Are interest rates adjusted by the central bank the same as that of commercial banks?

When central banks (like the Fed) adjust interest rates, are these the same rates used by Commercial Banks? Do Commercial Banks give the same interest rates as the Central Bank?

By | 2013-08-26T21:18:53+00:00 August 26th, 2013|Mortgages Home Loans Interest Rate|2 Comments

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  1. Gary G August 26, 2013 at 10:07 PM - Reply

    First of all, the notion that the Fed manages (or “adjusts”) interest rates at all is a bit of a misnomer. The Fed simply follows the bond market, as do commercial banks (banks just tack on fractions of a percent to skim a profit off the top). The chart in the following article proves it.

  2. mindcrime828 August 26, 2013 at 10:02 PM - Reply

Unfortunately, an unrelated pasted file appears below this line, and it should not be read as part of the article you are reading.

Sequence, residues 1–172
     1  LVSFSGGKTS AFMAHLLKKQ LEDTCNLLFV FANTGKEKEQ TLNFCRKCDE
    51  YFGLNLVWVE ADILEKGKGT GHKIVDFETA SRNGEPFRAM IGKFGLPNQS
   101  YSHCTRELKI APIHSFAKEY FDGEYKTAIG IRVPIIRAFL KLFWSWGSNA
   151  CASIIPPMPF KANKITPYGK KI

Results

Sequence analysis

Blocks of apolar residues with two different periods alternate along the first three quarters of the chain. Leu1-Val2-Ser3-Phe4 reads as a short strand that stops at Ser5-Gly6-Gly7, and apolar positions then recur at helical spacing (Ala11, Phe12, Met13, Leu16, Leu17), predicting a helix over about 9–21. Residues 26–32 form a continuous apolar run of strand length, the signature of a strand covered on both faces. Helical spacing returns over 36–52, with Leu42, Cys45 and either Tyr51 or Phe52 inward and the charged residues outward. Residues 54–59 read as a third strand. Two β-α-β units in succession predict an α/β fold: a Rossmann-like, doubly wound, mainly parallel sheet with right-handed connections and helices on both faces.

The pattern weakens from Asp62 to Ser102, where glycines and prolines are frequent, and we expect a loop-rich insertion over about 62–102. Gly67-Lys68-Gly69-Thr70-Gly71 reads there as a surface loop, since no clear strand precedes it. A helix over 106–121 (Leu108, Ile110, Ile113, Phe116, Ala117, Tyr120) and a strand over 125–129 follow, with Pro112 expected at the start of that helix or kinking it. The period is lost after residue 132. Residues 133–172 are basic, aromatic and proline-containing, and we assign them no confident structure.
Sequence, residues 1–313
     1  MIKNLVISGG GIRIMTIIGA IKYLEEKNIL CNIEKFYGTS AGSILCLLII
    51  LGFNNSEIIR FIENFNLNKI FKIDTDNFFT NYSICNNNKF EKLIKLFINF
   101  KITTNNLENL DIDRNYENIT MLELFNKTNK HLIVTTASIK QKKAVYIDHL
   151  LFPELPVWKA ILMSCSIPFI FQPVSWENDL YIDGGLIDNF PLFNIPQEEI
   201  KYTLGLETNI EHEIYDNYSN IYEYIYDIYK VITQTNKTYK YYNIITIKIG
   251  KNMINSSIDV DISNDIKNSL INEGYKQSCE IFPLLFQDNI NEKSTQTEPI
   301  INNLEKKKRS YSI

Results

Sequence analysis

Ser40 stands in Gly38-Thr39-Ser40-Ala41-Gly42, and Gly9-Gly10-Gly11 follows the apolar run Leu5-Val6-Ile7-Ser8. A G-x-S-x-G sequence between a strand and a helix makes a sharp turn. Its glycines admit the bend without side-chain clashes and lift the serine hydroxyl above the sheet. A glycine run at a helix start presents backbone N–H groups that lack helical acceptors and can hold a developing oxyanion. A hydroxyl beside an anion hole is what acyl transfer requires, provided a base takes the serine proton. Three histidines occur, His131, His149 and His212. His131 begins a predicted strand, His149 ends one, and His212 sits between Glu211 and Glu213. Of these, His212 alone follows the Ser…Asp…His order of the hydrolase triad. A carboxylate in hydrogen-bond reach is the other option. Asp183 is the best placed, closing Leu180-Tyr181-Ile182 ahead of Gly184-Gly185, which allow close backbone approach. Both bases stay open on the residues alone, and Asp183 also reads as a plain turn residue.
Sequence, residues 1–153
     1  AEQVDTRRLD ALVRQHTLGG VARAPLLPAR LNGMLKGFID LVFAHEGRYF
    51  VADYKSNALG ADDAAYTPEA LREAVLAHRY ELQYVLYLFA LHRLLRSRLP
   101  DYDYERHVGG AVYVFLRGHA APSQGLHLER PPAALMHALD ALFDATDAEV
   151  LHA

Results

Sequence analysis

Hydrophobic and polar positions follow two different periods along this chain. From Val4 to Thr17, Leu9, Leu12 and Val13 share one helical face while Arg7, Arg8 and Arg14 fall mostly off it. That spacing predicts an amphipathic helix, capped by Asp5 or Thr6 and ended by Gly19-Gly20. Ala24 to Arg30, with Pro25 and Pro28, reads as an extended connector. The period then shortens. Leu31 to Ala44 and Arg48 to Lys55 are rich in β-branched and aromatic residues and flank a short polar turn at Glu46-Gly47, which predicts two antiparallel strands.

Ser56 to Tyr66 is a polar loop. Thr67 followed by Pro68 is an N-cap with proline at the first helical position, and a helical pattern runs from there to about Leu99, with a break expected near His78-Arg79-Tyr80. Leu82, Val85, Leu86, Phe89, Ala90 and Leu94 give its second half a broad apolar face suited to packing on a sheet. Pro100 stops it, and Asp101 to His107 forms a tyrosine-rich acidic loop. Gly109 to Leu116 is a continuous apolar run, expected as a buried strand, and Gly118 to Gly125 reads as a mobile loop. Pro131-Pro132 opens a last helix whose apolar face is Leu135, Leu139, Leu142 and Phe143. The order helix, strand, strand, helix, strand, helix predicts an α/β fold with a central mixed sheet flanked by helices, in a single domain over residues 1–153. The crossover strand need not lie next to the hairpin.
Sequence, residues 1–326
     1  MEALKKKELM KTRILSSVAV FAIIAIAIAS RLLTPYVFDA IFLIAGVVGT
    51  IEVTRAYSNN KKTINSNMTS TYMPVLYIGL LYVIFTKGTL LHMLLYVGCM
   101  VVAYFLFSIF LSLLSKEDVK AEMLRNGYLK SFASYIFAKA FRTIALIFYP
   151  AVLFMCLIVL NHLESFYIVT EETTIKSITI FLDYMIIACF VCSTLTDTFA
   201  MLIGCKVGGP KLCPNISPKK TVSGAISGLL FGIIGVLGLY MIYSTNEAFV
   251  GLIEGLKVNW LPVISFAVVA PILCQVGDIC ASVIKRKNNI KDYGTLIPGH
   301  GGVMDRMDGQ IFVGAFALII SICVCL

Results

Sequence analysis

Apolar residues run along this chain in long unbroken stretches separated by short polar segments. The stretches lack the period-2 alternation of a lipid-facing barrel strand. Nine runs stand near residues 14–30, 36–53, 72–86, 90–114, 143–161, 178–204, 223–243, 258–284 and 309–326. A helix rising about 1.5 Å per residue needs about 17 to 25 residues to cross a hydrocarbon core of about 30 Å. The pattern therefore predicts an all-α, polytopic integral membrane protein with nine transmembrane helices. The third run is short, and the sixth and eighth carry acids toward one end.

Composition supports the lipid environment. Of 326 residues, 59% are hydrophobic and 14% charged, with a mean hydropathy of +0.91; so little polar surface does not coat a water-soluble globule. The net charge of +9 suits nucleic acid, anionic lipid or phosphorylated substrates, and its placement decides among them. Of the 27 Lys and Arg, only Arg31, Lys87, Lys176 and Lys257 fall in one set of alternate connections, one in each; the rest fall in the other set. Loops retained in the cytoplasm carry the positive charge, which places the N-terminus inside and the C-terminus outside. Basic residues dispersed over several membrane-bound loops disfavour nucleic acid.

The rate that is adjusted by the central bank, such as the Federal Reserve, is the rate used in the transfer of money between commercial banks and that central bank. When it is adjusted, commercial banks will adjust their rates accordingly. For example, a commercial bank may lend funds at 5% over the prime rate (rate set by the central bank). If the central bank raises the prime rate from lets say 2.5% to 3%, then the commercial bank would raise its interest rate from 7.5% to 8% so that they still get the same percentage of interest on money lended to its customers. Thats how banks make profits, from fees and interest.

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